Asthma: Over The Counter Treatment (cont.)
George Schiffman, MD, FCCP
Dr. Schiffman received his B.S. degree with High Honors in biology from Hobart College in 1976. He then moved to Chicago where he studied biochemistry at the University of Illinois, Chicago Circle. He attended Rush Medical College where he received his M.D. degree in 1982 and was elected to the Alpha Omega Alpha Medical Honor Society. He completed his Internal Medicine internship and residency at the University of California, Irvine.
William C. Shiel Jr., MD, FACP, FACR
Dr. Shiel received a Bachelor of Science degree with honors from the University of Notre Dame. There he was involved in research in radiation biology and received the Huisking Scholarship. After graduating from St. Louis University School of Medicine, he completed his Internal Medicine residency and Rheumatology fellowship at the University of California, Irvine. He is board-certified in Internal Medicine and Rheumatology.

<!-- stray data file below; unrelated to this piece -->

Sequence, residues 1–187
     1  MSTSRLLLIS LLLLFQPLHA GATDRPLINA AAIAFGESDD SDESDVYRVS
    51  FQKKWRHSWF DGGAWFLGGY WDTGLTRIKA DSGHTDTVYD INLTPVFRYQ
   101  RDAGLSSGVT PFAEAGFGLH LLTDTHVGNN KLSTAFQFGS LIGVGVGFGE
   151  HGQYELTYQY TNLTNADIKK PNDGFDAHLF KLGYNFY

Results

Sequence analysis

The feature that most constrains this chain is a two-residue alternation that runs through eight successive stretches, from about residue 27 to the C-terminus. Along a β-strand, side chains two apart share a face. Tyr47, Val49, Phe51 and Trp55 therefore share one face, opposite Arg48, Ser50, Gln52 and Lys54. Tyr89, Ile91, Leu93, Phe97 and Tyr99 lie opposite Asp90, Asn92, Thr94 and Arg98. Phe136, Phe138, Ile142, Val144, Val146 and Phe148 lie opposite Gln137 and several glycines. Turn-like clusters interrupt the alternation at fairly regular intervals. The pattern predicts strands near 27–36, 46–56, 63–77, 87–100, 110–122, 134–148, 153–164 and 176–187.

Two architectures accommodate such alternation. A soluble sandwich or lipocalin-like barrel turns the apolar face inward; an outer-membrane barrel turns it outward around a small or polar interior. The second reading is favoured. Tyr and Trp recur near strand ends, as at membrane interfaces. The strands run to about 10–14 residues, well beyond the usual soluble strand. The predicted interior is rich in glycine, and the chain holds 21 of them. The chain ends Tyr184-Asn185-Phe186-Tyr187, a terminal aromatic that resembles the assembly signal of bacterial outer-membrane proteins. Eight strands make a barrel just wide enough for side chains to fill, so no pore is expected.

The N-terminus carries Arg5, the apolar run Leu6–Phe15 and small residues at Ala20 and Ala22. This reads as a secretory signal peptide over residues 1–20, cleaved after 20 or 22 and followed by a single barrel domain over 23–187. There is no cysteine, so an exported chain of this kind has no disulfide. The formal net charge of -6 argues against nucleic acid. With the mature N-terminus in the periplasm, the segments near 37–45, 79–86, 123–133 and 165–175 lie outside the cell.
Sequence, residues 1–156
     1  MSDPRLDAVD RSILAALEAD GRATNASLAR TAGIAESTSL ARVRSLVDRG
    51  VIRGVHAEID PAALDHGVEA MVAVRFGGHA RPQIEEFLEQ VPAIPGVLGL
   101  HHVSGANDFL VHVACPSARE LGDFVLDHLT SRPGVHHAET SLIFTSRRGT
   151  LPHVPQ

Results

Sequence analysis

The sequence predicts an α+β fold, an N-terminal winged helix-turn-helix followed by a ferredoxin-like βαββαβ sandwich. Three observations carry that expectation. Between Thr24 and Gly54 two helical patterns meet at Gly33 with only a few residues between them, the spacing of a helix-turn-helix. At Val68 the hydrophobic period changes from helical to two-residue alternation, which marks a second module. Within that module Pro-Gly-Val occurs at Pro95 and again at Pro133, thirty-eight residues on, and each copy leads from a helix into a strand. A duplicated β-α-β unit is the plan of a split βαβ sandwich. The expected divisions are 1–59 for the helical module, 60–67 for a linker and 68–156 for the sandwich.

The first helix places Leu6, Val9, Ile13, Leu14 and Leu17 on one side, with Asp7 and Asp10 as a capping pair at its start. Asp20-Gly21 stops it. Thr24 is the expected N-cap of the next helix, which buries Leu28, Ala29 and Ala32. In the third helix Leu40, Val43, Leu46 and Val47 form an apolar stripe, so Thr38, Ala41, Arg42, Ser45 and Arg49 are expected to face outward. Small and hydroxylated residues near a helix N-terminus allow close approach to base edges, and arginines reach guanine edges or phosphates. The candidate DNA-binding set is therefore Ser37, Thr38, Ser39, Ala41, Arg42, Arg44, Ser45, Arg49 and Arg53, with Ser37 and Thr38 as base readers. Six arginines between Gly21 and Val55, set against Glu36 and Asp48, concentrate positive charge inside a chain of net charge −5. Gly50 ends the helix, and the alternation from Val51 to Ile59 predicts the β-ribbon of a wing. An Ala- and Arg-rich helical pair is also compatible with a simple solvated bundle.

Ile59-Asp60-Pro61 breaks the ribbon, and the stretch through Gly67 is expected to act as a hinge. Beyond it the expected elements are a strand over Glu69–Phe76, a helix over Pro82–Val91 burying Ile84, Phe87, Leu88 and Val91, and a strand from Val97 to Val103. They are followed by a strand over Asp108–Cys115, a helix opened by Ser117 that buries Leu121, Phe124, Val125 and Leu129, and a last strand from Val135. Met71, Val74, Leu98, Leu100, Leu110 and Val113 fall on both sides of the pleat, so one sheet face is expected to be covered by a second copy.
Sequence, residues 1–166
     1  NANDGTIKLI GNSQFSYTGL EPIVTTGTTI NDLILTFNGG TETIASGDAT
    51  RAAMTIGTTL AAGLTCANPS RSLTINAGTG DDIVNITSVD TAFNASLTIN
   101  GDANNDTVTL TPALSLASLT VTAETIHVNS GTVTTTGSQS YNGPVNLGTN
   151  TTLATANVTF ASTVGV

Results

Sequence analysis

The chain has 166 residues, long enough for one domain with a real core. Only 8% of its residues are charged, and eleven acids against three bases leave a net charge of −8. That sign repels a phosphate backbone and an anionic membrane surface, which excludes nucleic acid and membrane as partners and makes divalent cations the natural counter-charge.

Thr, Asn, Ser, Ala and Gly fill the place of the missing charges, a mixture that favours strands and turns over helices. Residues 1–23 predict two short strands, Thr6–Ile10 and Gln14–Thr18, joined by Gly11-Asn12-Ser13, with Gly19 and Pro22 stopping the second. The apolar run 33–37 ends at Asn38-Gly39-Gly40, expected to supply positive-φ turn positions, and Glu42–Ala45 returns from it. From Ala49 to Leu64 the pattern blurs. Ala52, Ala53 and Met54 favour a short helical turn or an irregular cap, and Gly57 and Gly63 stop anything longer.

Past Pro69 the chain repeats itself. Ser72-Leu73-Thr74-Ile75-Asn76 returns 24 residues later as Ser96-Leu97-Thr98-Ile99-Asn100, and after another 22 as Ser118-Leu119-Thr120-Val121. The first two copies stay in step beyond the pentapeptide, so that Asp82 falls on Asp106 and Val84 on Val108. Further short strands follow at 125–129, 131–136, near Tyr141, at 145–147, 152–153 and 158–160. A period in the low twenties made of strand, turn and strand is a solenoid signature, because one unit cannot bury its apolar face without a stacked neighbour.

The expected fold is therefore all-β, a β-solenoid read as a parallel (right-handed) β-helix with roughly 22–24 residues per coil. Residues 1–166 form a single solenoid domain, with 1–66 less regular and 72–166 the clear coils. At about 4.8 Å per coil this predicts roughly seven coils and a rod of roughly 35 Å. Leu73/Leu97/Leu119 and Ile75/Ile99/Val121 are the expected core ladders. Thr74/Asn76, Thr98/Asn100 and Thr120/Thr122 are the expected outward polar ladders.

In this Article
- Asthma introduction
- What is asthma?
- What medications are used to treat asthma?
- How do over-the-counter (OTC) medicines for asthma work?
- What factors should be considered in choosing and using OTC epinephrine or ephedrine?
- What side effects and drug interactions are there with OTC asthma medicines?
- What are additional measures in the management of asthma?
- Find a local Asthma & Allergy Specialist in your town
What are additional measures in the management of asthma?
- Patients should avoid known triggers of asthma attacks (for example, exercise or allergens).
- Good control of allergic rhinitis (nasal allergies) helps to control asthma. Now there are OTC inhaled nasal steroids (Nasonex, Flonase) that are available and very effective in treating allergic rhinitis. It is important to understand that using these agents does not immediately relieve symptoms. It often requires 7 or more days of use to realize the true effectiveness of these medications.
- Some patients with asthma must avoid aspirin and other nonsteroidal anti-inflammatory drugs (NSAIDs) like ibuprofen and Motrin since they may induce an episode of asthma.
- All asthma patients should avoid beta-blocker drugs (Inderal, Tenormin, Visken, and Lopressor) because they may worsen asthma or precipitate an episode.
- All patients with asthma should seek professional advice from their physicians on how to optimally manage their condition.
"Over-the-counter Medications." Asthma and Allergy Foundation of America.
"Safety Concerns with Asthmanefrin and the EZ Breathe Atomizer." FDA. 2013.
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